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The Lord of the Rings - The Fellowship of the Ring - Part One

A Classic Fantasy Tale, with a range of Fantasy Characters (including Elves, Dwarves and Men), that sees a Quest of Power, through the Roots of Adventure, in the Darkest Days of Middle-Earth. With a guiding Wizard, and a bare foot Hobbit (one of the Little People), it's The Lord of the Rings - The Fellowship of the Ring:


The Lord of the Rings - The Fellowship of the Ring - JRR Tolkien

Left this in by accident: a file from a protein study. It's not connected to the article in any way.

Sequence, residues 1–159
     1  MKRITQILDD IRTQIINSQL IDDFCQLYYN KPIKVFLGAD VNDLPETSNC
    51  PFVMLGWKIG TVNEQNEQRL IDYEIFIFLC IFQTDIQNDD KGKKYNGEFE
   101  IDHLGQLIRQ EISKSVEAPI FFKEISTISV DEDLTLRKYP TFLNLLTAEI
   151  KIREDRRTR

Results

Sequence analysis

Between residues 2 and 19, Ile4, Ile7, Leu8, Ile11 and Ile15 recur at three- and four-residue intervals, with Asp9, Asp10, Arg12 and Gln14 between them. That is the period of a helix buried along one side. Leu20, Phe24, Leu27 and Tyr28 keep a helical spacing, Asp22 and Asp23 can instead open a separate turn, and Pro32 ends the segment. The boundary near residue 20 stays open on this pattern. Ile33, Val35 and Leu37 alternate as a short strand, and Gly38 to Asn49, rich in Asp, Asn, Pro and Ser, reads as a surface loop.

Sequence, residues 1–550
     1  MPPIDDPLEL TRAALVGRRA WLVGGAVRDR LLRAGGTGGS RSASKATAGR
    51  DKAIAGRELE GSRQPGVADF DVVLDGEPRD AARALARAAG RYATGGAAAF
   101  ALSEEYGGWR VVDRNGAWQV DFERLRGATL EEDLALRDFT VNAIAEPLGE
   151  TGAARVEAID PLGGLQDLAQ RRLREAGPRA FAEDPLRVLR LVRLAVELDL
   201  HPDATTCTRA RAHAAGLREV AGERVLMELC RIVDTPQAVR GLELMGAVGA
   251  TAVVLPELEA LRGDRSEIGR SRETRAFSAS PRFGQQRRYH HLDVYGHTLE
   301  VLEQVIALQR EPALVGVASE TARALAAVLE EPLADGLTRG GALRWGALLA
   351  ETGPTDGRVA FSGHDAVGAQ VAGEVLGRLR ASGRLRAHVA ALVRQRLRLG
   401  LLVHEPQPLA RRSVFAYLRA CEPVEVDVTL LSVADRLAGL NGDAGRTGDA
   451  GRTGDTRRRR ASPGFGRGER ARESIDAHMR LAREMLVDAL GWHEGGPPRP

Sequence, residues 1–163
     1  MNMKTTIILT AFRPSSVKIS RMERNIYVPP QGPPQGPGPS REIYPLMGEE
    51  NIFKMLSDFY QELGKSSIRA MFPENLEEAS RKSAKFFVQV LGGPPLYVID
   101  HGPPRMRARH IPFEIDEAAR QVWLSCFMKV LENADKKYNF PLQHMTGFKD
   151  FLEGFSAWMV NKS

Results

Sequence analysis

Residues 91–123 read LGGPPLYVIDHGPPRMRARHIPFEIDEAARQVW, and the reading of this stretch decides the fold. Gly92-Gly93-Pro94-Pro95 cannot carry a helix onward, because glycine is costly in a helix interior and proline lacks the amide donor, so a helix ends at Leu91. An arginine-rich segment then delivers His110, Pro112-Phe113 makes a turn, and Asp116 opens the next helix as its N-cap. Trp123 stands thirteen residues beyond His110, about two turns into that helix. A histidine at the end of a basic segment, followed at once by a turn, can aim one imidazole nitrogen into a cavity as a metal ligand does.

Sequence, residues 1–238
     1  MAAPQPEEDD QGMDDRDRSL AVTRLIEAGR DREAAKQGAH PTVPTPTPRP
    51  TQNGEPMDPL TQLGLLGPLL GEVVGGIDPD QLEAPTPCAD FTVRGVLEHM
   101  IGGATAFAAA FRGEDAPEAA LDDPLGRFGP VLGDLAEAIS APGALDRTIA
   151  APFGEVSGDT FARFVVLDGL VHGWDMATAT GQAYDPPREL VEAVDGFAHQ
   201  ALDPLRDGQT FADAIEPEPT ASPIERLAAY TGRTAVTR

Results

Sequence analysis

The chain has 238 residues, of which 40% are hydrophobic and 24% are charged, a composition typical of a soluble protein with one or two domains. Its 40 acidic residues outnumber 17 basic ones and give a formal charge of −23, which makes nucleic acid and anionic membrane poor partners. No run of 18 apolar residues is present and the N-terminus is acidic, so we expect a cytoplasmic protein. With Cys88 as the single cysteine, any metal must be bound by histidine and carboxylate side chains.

I've always thought, that this is one of the best, Sword and Sorcery Fantasy Novels, that you can ever read :) There's several reasons for this ... First: is it's use of Humour ... I found myself laughing, when Sam (one of the Hobbits), is pulled through the Window (by Gandalf the Wizard), after having eavesdropped, and making out that he hadn't - he was cutting the Lawn you see! I also laughed, when Gimli the Dwarf, tasted some Cram (a Travellers Bread), having not believed, that it will taste very nice (even raising an eyebrow) - then promptly eating, the whole piece! I also found humour, in the strangest of places, such as when Gandalf had nearly been destroyed - well, well, he flew down some stairs, after encountering a foe, that he could not best, whilst joking about it! Second: is it's range of Fantasy Locations ... First and Foremost, my favourite is the Dwarven Mine/City of Moria. I especially liked the Ancestry of Moria, that it was once the most prized, of all the Dwarven Realms (owing to it's Mining of Mithril - the Dwarven Wonder Metal), which was in-turn lost, to the Orcs/Goblins and Durin's Bane (a large Fire Breathing Western Dragon of a Daemon, that even the Elves Fear). Moria is now a dark place, which Gandalf leads our Adventurers through, with his Bobbing Wizards Staff of Light (akin to a Will-o'-the-wisp). I especially liked the idea, of Moria's Dwarven Doors, that can only be seen in Moonlight (and opened with a specific word/phrase). I also found comedy here, as I laughed at Gandalf, being outwitted by a door! Of Moria itself, did I like the idea of staircases hewn from stone, together with cavernous pillars (that defined a City in Starlight), together with Tombs of the Fallen (still blessed in daylight), and Treasures of the Deepest Mines (that Dwarves still dream of). I also liked, what I feel was the reason that Moria was built (by the Dwarves) in the first place - a Magical Lake (called the Mirrormere), which Shines with Stars in it's Waters so Deep :) It is with some irony then, that although I love the Green Places of this World, that I have often felt a Desire, to explore the Dark Halls of Moria myself! In stark contrast to Moria, are the Fantasy Woods, of the Old Forest. It's a mythical place, that Tales of Old, used to scare young Hobbits with - and yet, Frodo Baggins (the main Fantasy Character of this Tale), decides to venture that very way :) Now I like Woods, and I like Trees, but the Trees of the Old Forest, are not like other Trees (they can move/walk, and they can talk/be-spell) - it's Old Man Willow you see. He's a Magical Willow Tree, who does not have the Hobbits best interests at heart! Although I find the Old Forest to be a Dark Place (perhaps even more so than Moria), it leads to one of my favourite Fantasy Characters - Tom Bombadil :) He's such a fun/comedy element, that it's hard to feel all Dark and Gloomy, when he's around (especially with that Bobbing Hat of his!). Now it feels to me, as though Tom is some kind of Nature Fairy (as he's always been concerned with Trees) - yet even if he isn't, then his sidekick (Goldberry), is certainly a Water Fairy :) In any case, I like the fact, that both Tom and Goldberry, tend to the Old Forest, and look after Frodo (after Old Man Willow, gets his Roots to him). To me, the Old Forest feels as though, it's full of Magic - both Good and Evil, that's just kind-of mixed together, in it's raw, natural form. It's a powerful place, that I feel, could have played a larger part in the Tale (together with Tom Bombadil). Third: is it's range of Fantasy Characters ... The Fellowship of the Ring, is itself comprised of a Motley Crew: four Hobbits (Frodo, Sam, Merry and Pippin), two Men (one called Aragorn, one called Boromir), one Elf (called Legolas), one Dwarf (called Gimli), and Gandalf (the Wizard). I like the idea of the Fellowship (aka our Adventurers), because it is a contradiction - you have powerful members (such as Gandalf and Aragorn), mixed with weaker members (such as Merry and Pippin). Whilst in the middle, do you have members that are a bit of both: both in terms of alignment (such as Legolas is to Trees and Nature, whilst Gimli is to Stone and Anvil), and in terms of not judging a book by it's cover (such as Frodo at first appearing weak, but over time, does Frodo become the appointed/recognised strongest, Ring Bearer). Of these Fantasy Characters, would I say that my favourite is Gandalf, though I wouldn't normally like Wizards! Gandalf is an exception, for he's more like a Warlock - a Wizard and a Warrior, all rolled into one :) Next would there be Aragorn - as I like the fact, that he is descendant from Kings (although I'm not so keen, on his Strider personality, in the earlier parts of the Tale). Then would there be Gimli, as there's a fair amount of humour, surrounding his character: A Dwarf! Which plays right into, the grievances between Dwarves and Elves (with several twists in friendship, along the way). In any case, I especially like the portrayal of Elves within this Tale. I like their connection with Nature (especially of the Woods, plus Spells of the Sea), and I like the fact, that there's at least three, families of Elves found, within Middle-Earth: those from Rivendell (who were there at the start, when Darkness first showed it's face), those from Mirkwood (who still have dealings with Men, and is the home of Legolas), and those from Lothlorien (who Guard a Treasure of Middle-Earth, and befriend the Fellowship). I also liked the way, that the Elves are used, to underline an important point/theme (within the Tale): the Elves may be Powerful, blessed to live much longer than Men, skilled in the Art of Combat (especially Bow and Arrow) - yet just like the rest of Middle-Earth, they do not have the power, to throw back the Darkness/Evil by themselves! Or do they?